For Egyptian Activist, A Dream Finally Realized

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Egyptian writer, scholar and activist Nawal El Saadawi has been agitating for change in her country for 50 years. In exile off and on for the past 15 years, she returned to her home country in November and has been protesting in the streets. Guy Raz speaks with the 80-year-old Saadawi about her hopes for a peaceful and secular Egypt.

GUY RAZ, host:

We're back with ALL THINGS CONSIDERED from NPR News. I'm Guy Raz.

Eighty-year-old Nawal El Saadawi has been protesting against Egyptian leaders since the 1940s. She's a medical doctor by training, but El Saadawi is well known in and outside of Egypt as a feminist writer and a secular activist. And she's gone to jail for some of the things she's said and written about Egypt's leaders.

Back in 2005, she was tailed by the police after she put her name up as a candidate for president to challenge Hosni Mubarak. When I spoke with her earlier today, she described the scene the moment she heard the news about Mubarak's resignation.

Dr. NAWAL EL SAADAWI (Feminist Writer; Secular Activist): Everybody rushed to the streets and we were dancing and celebrating and having a big, big festival in every street and in Tahrir Square. So it was a carnival yesterday.

RAZ: I know that you've been in exile on and off for the past 15 years. You returned to Egypt last November. Can you give me a sense of how important this event is? I mean, did you ever imagine something like this could happen?

Dr. EL SAADAWI: I was dreaming of this revolution since I was a child. And, you know, I am 80 years now, so under Farouk when I was a student in secondary school.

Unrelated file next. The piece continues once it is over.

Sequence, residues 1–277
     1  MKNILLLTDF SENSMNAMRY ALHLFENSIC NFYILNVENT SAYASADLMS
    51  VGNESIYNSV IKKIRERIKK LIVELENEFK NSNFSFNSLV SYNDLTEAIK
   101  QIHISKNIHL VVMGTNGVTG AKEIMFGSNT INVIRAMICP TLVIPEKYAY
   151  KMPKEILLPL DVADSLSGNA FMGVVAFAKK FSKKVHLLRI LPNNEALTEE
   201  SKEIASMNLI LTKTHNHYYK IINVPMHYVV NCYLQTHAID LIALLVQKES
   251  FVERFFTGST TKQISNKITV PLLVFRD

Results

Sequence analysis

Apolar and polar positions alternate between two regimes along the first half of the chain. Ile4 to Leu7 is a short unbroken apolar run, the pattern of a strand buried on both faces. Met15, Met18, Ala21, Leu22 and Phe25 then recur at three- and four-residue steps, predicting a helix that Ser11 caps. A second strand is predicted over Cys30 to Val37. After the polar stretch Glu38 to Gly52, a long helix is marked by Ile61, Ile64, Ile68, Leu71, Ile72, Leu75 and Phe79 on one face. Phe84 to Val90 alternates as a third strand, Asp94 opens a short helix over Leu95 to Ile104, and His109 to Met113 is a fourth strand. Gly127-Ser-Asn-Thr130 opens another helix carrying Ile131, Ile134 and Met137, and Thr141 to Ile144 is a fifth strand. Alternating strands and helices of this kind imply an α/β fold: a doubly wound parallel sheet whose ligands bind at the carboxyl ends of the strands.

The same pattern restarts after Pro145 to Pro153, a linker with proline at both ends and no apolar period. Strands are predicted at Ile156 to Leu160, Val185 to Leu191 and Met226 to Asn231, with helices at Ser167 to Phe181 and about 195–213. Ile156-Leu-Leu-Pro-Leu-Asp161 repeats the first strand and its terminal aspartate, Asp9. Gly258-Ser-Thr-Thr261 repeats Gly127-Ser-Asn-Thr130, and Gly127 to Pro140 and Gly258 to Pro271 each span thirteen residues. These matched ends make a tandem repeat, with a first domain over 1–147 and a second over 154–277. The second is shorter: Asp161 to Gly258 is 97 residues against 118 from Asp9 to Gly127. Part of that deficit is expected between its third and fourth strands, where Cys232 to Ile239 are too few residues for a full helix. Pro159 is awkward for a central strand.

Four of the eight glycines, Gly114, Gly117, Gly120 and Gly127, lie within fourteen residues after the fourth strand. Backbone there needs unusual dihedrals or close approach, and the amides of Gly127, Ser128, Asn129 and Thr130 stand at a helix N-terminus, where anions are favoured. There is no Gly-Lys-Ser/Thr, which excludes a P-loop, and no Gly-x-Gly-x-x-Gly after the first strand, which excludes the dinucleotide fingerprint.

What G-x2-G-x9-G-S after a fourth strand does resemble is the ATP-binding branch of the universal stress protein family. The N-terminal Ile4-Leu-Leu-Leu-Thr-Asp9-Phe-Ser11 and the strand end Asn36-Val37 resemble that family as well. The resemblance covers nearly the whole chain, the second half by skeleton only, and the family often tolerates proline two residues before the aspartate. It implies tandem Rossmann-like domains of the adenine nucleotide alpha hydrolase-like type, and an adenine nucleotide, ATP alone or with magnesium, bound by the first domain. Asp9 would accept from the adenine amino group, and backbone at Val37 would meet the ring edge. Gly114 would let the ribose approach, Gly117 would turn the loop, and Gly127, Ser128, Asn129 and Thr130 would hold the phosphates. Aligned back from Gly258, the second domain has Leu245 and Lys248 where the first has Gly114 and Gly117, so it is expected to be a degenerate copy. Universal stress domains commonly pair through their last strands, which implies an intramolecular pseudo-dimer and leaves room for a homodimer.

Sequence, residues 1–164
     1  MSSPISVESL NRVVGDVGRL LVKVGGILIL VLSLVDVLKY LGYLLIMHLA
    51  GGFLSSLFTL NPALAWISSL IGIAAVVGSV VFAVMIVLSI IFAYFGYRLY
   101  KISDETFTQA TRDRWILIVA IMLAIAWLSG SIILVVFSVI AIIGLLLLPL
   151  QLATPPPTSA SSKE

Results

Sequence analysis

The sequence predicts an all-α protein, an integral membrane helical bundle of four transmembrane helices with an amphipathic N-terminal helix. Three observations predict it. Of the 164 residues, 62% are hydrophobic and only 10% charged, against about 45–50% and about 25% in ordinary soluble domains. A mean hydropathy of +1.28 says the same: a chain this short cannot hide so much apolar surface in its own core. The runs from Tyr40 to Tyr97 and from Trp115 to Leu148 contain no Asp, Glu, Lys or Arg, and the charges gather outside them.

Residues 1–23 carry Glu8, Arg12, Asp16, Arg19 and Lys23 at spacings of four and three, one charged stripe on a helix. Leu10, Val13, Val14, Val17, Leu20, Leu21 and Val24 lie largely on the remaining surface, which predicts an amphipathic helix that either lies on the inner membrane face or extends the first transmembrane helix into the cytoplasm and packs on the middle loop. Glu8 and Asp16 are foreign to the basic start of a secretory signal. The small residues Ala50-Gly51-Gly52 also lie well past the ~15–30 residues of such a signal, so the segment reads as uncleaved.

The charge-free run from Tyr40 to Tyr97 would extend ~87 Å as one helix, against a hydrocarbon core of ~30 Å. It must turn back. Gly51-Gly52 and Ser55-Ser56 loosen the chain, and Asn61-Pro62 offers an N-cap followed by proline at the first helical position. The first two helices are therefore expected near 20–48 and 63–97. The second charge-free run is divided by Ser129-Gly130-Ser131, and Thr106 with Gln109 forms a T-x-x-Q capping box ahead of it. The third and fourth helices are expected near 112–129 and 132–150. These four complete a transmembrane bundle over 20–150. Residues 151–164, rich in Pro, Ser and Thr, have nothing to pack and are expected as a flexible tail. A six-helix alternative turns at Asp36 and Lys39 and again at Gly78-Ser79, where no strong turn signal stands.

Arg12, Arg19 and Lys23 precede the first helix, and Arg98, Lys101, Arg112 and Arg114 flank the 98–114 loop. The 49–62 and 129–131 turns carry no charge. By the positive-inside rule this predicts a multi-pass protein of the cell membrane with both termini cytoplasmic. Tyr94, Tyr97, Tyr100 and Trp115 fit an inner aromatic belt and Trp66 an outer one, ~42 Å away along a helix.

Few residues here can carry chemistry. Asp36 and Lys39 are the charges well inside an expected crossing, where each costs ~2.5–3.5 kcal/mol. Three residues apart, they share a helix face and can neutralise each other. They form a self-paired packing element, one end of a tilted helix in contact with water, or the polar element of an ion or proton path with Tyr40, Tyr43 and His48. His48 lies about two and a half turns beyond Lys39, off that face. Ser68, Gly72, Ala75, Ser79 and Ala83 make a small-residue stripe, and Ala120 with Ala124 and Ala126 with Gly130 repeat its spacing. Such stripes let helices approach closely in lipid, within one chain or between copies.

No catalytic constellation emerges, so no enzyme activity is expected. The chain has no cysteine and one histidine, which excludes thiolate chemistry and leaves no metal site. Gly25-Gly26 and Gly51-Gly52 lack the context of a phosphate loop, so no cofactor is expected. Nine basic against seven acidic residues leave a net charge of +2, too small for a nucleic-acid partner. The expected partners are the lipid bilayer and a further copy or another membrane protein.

RAZ: This is, of course, the king.

Dr. EL SAADAWI: King Farouk, yes. We were demonstrating against him. I've seen many, many demonstrations in Egypt since the '40s and '50s, and then the revolution of the army in 1952. And then we demonstrated against Nasser after their very weak(ph) defeat, 1967, and we ask him to change. And then we demonstrated against Sadat and against Mubarak several times. But this is something great. This is historical. I have never seen those millions, millions in the streets. So this was unimaginable.

RAZ: I know that you have been an activist for most of your life. Can you describe a little bit about your role? What have you been doing over the past few weeks and in the months preceding these events?

Dr. EL SAADAWI: The last two weeks, I was in Tahrir Square with the young men and women, whom (unintelligible) to my home. Most of them were sleeping day and night there. But at night, I have to go home to take a shower and sleep in my bed. I couldn't sleep there.

(Soundbite of laughter)

Dr. EL SAADAWI: It's too cold for me and I am 80. But in the morning, early morning, we'll be together and we'll just discuss what we are going to do, et cetera.

RAZ: Tell me what your plans are now. Can you imagine becoming active in the new political process in Egypt that will begin to emerge?

Dr. EL SAADAWI: You know, I look to myself mainly as a creative writer all my life and a medical doctor. I always was active also in the women movement. So now we have a big task coming, because in Tahrir Square, many young women, we sat together and we said that we should start establishing our Egyptian women union, because we need collective power of women to follow up what the revolutionary temporary government will do.

And our demand is that we should have a secular constitution, no discrimination between men and women or Christians and Muslims. So, you know, the idea of real democracy is coming up.

RAZ: That's Egyptian author and activist Nawal El Saadawi. She joined me from her home in Cairo.

Thank you so much.

Dr. EL SAADAWI: Thank you very much.

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